THE NEW MERCEDES-AMG A35 could well be called the Goldilocks. Not because it has a penchant for breaking and entering, but because it’s ‘just right’. It’s been carefully engineered to inhabit the sweet spot between the 165kW A250 and forthcoming 300kW A45, appealing to those who find the former a bit docile and the latter too raucous. Particularly as early information suggests the new A45 will be slightly berserk.
Then again, it’ll need to be, as the development target for the A35 was to match the original A45, a car that didn’t so much rewrite the hot hatch rulebook as invent a completely different game. In some areas AMG has exceeded its target, in others come up a little short, the most notable of which is outright speed. This is unsurprising, as the A35 has just 225kW/400Nm compared to the 265kW/450Nm of the original A45. Nevertheless, on paper it’s very close, the newer car’s 4.7sec 0-100km/h claim just 0.1sec slower than its more powerful older brother.
Key to the A35’s jack-rabbit-like acceleration is the efficacy of its launch control system, which incorporates lessons learned during A45 development. The first three gears are extremely short, running to 50km/h, 79km/h and 115km/h respectively, while the new electro-mechanically controlled rear multi-disc clutch (previously electro-hydraulic in the A45) is much quicker in its reactions. Front wheelspin is no longer required to send drive (a maximum of 50 per cent) to the rear; thanks to a multitude of sensors examining everything from individual wheel speed and accelerator position to lateral and longitudinal g force (to name just a few) the 4MATIC system is able to effectively pre-empt the required torque distribution.
All very impressive, but the A35 doesn’t feel as quick as the headline figure suggests. It’s certainly potent, but its acceleration will be familiar to anyone with experience of a VW Golf R or Ford Focus RS. The A35 shares its 1991cc turbocharged four-cylinder with the A250, but AMG hasn’t simply added a bit more boost and called it a day. The block and internals are the same, but the turbo is now a twin-scroll unit, there are bigger valves, water-to-air intercooling and a less restrictive exhaust. The latter is particularly important as the inclusion of a petrol particulate filter, required to pass the new Worldwide Harmonised Light Vehicles Test Procedure (WLTP), creates a lot of back pressure as well as strangling sound at higher rpm.
Not too much, thankfully. Select Sport Plus and the A35 growls and crackles like an AMG should. A few more revs would be nice – the show’s over by about 6000rpm – but the power curve is incredibly linear. Maximum torque is spread from 3000-4000rpm but around 95 per cent is available from 20005000rpm. After a number of frustratingly futile attempts at downchanging into second gear approaching a corner you’ll realise that third is fine for all but the very tightest bends. Upshifts are crisp and mechanical, sending a shock through the entire bodyshell, a process that was both deliberate and very difficult to get right, according to AMG’s Overall Vehicle Development Manager, Andreas Meyer.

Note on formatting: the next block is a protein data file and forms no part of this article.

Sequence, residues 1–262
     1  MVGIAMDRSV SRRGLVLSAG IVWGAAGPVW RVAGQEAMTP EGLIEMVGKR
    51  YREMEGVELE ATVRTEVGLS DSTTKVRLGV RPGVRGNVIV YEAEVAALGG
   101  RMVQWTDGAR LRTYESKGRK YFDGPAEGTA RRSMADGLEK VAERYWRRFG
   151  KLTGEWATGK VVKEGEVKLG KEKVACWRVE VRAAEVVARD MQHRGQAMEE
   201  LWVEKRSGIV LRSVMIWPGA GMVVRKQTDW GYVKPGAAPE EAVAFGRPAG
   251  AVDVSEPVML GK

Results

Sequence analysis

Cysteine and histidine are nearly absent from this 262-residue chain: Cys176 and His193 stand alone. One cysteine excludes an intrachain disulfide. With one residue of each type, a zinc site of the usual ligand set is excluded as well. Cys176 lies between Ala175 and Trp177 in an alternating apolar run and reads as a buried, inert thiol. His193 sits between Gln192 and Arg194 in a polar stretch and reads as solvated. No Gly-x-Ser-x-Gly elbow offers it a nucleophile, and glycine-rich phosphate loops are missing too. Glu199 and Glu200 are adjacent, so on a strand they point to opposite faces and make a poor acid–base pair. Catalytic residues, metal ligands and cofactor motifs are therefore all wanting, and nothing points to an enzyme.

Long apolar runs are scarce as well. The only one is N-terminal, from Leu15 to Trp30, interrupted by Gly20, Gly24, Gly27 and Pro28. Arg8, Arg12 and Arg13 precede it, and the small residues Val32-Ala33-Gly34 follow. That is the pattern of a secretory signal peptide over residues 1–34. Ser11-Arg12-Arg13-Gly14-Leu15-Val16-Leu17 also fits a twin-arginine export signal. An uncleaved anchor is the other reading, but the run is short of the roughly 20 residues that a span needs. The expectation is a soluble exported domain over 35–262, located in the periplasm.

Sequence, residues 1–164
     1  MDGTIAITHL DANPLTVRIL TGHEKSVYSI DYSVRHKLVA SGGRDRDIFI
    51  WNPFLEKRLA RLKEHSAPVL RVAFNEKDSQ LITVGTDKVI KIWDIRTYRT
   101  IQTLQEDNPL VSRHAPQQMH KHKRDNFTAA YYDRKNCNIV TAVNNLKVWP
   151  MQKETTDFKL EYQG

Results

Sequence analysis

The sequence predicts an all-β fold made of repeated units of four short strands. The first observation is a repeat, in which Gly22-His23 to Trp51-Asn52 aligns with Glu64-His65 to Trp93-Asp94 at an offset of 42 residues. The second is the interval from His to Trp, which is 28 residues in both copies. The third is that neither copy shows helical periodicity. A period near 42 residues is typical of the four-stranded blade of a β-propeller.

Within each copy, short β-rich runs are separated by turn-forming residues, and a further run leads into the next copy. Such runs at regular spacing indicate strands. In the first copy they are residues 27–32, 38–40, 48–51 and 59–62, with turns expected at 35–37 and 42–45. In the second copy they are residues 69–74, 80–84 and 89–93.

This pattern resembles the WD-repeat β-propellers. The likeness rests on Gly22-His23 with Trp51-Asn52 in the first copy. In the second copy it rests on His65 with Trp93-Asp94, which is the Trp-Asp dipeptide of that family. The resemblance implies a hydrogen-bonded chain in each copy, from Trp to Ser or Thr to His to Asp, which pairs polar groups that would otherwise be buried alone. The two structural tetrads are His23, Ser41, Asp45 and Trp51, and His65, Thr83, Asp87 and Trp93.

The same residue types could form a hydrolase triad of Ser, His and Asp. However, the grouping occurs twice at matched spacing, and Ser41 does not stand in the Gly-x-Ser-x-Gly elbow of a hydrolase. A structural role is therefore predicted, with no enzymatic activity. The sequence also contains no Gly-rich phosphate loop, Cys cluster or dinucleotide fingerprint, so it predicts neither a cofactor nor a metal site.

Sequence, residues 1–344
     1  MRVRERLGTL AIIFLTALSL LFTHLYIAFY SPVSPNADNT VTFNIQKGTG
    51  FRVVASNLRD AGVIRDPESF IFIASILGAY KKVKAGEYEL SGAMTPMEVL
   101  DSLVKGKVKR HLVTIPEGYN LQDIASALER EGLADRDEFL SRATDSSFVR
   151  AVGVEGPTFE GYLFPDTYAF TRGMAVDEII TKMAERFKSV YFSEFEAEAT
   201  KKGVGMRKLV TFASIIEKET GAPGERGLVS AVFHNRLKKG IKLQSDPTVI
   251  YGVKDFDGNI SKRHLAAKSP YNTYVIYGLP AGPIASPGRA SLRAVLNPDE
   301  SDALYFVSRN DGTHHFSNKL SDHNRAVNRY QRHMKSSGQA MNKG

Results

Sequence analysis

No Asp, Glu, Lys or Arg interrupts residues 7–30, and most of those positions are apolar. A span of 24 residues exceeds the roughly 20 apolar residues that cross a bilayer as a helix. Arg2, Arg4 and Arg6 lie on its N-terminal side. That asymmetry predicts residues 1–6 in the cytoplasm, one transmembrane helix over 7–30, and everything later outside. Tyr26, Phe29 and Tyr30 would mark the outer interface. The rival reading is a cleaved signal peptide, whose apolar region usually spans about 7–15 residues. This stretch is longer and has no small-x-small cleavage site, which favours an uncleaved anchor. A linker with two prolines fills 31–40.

Around town there’s the occasional dual-clutch lurch but with the drivetrain set to its most subtle mode you’d be hard-pressed to separate the A35 from its more sensible siblings. AMG even claims a combined fuel figure of just 7.4L/100km.
Happily, the chassis is capable of similar subtlety. The facelifted A45’s inclusion of adaptive dampers transformed its everyday useability and the A35 will also include AMG’s Ride Control suspension as standard. But there’s more to it. Even accidentally traversing a town with the dampers set to Sport Plus didn’t necessitate a visit to the chiropractor; the suspension is able to retain its compliance in part thanks to the stiffness of the bodyshell.
Every effort has been made to eliminate flex and provide the suspension with as stable a platform as possible. The only frontend parts to carry over from the A250 are the lower wishbones and the front subframe. According to AMG’s driving dynamics guru Rene Szczepek (nope, no idea how to pronounce it either) the regular A-Class’s front subframe is very stiff but AMG added an aluminium shear panel to its underside as well as solidmounting it to the body with a pair of diagonal braces.
In addition, stiffer strut top mounts, radially-mounted brake calipers, new steering knuckles and uniball joints are all designed to improve camber and toe stability under heavy cornering loads. Every rear suspension bush was changed, the rear subframe is also bolted directly to the body while back at the front, the revised steering rack (2.5 turns lock-to-lock) is attached directly to the subframe. It’s fair to say Szczepek and his team aren’t big fans of feedback-sapping, response-dulling rubber bushings.